I had to throw a post up on the Magpul Hunter 700 as soon as I saw it announced. I’m a fan of Magpul products and I’m not ashamed to say it. I don’t buy every offering they have but of the Magpul products I have purchased I’ve yet to be disappointed in any of them. I’ve not had my hands on one of the Magpul Hunter 700 stocks yet as it was only just announced. However, from what the company has released as far as information so far and what I can see in their video I think it’s worth posting about. Particularly when you remember that I try to cater to the newer shooters as much as possible. Precision Shooting is a great sport but our grass roots process needs some work. I think as I explain what I’ve learned already about the Magpul Hunter 700 that you will see why this might be very appealing to a newer shooter.
Magpul Hunter 700 Stock
As we can already tell from the name of the product, the Magpul Hunter 700 is being marketed towards the hunting crowd. That should not come as a surprise as Hunting is an American past time and tradition, not to mention in the rest of the world. That’s a lot of potential customers so it shouldn’t be surprising that Magpul wants to appeal to them. They also know what’s going on in the Precision Rifle scene. While it may not be specifically marketed towards competitive or professional tactical marksmen, I see a lot of features that should get a lot of people excited. For starters, the price. Magpul has stated these will be retailing for $259.95 USD for the stock itself. That’s an extremely respectable price for a stock upgrade. It gets better though! For an additional $69.95 USD you can buy Magpul’s Bolt Action Magazine well that you can bolt into the stock and replace the standard Remington bottom metal. Here’s the result!
Magpul has stated that the new Magpul Hunter 700 utilizes an anodized aluminum bedding block. That alone is a big step up from the standard rubber overmolded stocks that most Remington 700s are mounted on from the factory. The importance of a bedding block lies in a repeatable foundation for bolting the action in. Since it isn’t made of plastic or rubber there is no flex in the mounting surface and that leads to consistent pressure on the action when torqued into the stock. Consistency is the precursor to accuracy so that isn’t an insignificant feature by any means. They manage to pack that block and the features below into a 2.9lbs package. That keeps the weight down for the Hunting crowd that has to lug their rifle into the woods, and for the Tactical crowd that might be serving overseas or trying to shave time off a stage in competition.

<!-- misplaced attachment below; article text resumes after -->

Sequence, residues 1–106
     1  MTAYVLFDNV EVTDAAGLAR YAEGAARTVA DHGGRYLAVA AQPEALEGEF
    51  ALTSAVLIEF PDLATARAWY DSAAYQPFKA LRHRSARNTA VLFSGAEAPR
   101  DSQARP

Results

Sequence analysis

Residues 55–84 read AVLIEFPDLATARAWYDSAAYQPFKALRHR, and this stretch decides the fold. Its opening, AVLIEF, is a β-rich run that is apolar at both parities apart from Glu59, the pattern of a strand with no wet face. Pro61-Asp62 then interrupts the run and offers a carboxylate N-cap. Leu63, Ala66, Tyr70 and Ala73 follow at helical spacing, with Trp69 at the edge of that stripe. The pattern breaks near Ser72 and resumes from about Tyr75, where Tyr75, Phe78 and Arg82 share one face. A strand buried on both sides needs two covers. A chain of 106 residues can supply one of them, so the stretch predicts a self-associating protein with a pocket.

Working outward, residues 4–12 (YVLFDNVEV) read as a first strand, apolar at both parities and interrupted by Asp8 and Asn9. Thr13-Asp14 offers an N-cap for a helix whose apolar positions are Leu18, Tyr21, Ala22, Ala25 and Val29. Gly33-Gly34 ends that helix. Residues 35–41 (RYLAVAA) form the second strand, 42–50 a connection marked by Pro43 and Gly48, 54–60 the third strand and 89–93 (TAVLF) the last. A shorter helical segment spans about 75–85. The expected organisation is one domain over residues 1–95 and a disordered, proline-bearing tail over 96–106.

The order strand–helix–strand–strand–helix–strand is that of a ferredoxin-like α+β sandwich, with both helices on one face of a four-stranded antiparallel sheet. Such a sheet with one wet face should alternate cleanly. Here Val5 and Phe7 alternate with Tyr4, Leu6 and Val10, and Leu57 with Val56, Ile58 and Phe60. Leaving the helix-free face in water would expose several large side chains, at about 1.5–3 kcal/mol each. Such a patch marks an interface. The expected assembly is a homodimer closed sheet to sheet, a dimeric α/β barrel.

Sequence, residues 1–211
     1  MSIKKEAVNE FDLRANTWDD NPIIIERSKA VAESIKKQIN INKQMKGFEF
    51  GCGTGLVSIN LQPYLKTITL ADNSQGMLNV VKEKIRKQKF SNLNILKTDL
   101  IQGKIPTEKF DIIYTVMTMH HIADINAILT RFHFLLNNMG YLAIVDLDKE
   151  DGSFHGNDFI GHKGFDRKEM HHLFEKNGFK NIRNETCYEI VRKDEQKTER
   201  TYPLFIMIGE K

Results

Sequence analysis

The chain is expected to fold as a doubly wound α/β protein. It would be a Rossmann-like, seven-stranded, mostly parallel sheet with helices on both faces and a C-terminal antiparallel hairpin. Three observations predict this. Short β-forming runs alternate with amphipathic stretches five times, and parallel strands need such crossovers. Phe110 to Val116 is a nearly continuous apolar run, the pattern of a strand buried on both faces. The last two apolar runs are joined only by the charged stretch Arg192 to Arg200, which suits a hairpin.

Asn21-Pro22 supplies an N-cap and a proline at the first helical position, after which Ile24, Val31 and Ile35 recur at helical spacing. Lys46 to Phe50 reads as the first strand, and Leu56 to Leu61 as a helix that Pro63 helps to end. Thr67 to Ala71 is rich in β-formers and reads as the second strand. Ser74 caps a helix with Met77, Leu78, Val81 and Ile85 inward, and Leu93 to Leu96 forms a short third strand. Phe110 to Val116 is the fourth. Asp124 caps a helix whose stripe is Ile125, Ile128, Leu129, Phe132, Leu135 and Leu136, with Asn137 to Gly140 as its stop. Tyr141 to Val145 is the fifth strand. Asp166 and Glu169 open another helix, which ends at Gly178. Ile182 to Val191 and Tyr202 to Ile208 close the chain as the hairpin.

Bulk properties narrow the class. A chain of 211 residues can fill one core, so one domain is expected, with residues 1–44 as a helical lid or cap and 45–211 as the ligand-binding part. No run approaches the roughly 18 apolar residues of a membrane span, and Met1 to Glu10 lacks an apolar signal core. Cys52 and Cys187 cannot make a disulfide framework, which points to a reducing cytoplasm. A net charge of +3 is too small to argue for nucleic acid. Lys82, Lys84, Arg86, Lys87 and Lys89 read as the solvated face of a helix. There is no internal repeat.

Magpul Hunter 700 Features
That’s nothing short of stellar! For a cost of $330 USD you can take your factory Remington 700 stock, pull the action out of the rubber or plastic BDL (box drop latch) stock and drop it into a Magpul Hunter 700 stock that will immediately give you a number of advantages at a very attractive cost. Obviously, a magazine fed system is huge. It typically costs around $500 on the low end for a new chassis system that already works with Accuracy International magazines. If you just were to inlet the stock you have and add a new set of bottom metal that will accept the magazines you’re looking at anywhere from about $150-350 USD depending on who makes the bottom metal. The ability to use Accuracy International magazines is probably the best feature of the Magpul Hunter 700, but it’s not the only new feature you get!
Additionally, the Magpul Hunter 700 also accepts Magpul SGA cheek risers and LOP (Length of Pull) spacers. This means that you can take a few minutes and with some accessories you can actually fit the new stock to your body properly. You can pick the height you need with a cheek riser so you get the perfect cheek weld each time putting your eyeball directly behind the ocular lens of the rifle scope. We talked about how important that is when discussing sight picture! Here are a few photos of the SGA riser and LOP spacers.
I have an SGA stock on my Remington 870 and there’s a bunch of nice features there. For starters you can see there’s a slot for threading a sling through the stock that is already molded in. You can also see, just in front of the standard sling slot, a small circular flush cup for using a sling equipped with QD (Quick Detach) sling attachment points. That’s my preference since you can move slings around quickly and easily between multiple rifles. Or if you just happen to be punching paper and don’t need it, you can remove it and keep it completely out of the way. My only gripe with Magpul QD adaptors thus far as been that they are free spinning, perhaps we will finally see a limited rotation model at the SHOT show?